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Lott, Gingrich Differ Over Starr Probe

Starr
Starr  

WASHINGTON (AllPolitics, March 7) -- While defending Whitewater independent counsel Ken Starr, Republican leaders appeared to be at odds on Saturday on how Starr should proceed with his investigation of President Clinton.

While Senate Majority Leader Trent Lott suggested that Starr should wrap up his investigation, House Speaker Newt Gingrich said Starr should take his time.

Lott, speaking on CNN's "Evans & Novak," said: "It's time to show his cards. If he's got something, go forward with it. But at the same time, I think he needs to wrap it up, show us what he's got, indict, convict people. Or if he doesn't, close it out. But then I've never been a fan of the independent counsel law."

Gingrich said he doesn't know why Lott made the remarks and said Starr should take his time.

"I think he ought to go at the pace that justice dictates, not the pace that public relations dictates," Gingrich said.

The White House welcomed Lott's remarks.

"Senator Lott has acknowledged what the American people realized a while ago. It is time to end this $40 million, four-year investigation that seems to have no end in sight," said White House spokeswoman Nanda Chitre.

Republicans have spoken little on the investigation since Starr began seven weeks ago looking into allegations that President Clinton had sex with former White House intern Monica Lewinsky and then urged her to lie about it under oath.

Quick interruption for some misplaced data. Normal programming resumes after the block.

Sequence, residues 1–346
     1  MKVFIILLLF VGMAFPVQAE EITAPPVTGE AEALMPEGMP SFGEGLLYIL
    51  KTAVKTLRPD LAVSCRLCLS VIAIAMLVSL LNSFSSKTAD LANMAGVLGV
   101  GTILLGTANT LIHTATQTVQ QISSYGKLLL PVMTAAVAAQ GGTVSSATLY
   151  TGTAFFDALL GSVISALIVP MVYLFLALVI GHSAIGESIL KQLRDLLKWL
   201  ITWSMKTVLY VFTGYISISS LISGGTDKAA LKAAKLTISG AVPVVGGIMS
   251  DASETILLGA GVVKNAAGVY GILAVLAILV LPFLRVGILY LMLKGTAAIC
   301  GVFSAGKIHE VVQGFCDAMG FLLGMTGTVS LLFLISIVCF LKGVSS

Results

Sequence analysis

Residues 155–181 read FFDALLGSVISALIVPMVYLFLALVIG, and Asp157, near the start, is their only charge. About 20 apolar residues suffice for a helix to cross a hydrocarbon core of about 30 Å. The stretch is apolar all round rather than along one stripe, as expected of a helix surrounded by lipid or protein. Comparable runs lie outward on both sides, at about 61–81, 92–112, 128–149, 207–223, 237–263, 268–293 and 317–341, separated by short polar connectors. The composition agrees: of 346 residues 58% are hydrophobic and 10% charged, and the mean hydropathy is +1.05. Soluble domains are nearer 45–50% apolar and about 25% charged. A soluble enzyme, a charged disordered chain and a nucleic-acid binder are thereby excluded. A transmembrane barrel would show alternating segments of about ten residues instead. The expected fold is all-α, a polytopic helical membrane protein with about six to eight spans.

But GOP leaders back Starr over criticism

Clintons
President and Mrs. Clinton leave the White House Saturday  

Both Lott and Gingrich defended Starr against recent criticism.

"I am frankly sickened at the degree to which there has been a deliberate politicizing and a deliberate smear campaign against a former federal judge," Gingrich said at a breakfast in his home district in Georgia.

Lott referred to "malicious, vicious attacks" by Clinton supporters that are "totally uncalled-for."

In his remarks, Lott also offered an alternative for Congress to take instead of impeachment if Starr's investigation shows that Clinton is guilty of minor wrongdoing. He said that Congress could pass a resolution that would censure the president and show displeasure with his conduct.

The resolution would have no legal effect and no effort is under way in Congress to pass such a resolution.

Ginsburg scolded over comments to media

Meanwhile, Monica Lewinsky's attorney, Bill Ginsburg, was chastised by the judge in the case, sources told CNN. Judge Norma Holloway Johnson told Ginsburg on Thursday in a closed hearing that his frequent comments to the news media were hurting Lewinsky and complicating the investigation.

Since then, Ginsburg has become less media-friendly, but said he's only upset with aggressive camera crews. He snapped at with photographers in Los Angeles on Friday.

"So right now folks, control yourselves, control your colleagues and call Washington and tell them thanks for the memories, because I am not going to be cooperative for a while," he said. "And get out of my way."

Next week, White House secretary Betty Currie is scheduled to go before the grand jury again on Tuesday, and is likely to be followed by Clinton adviser Bruce Lindsey.

Testimony by Lindsey is likely to renew the debate over the White House's attempt over executive privilege. Lindsey and two other aides have claimed executive privilege in order to avoid testifying about their conversations with President Clinton about Lewinsky.

Sources tell CNN that periodic talks in search of a compromise have yielded no results and both sides anticipate a court challenge over whether the conversations are protected by executive privilege.

In Other News

Saturday March 7, 1998

Lott, Gingrich Differ Over Starr Probe
Reno's Staff To Recommend Against Herman Special Prosecutor





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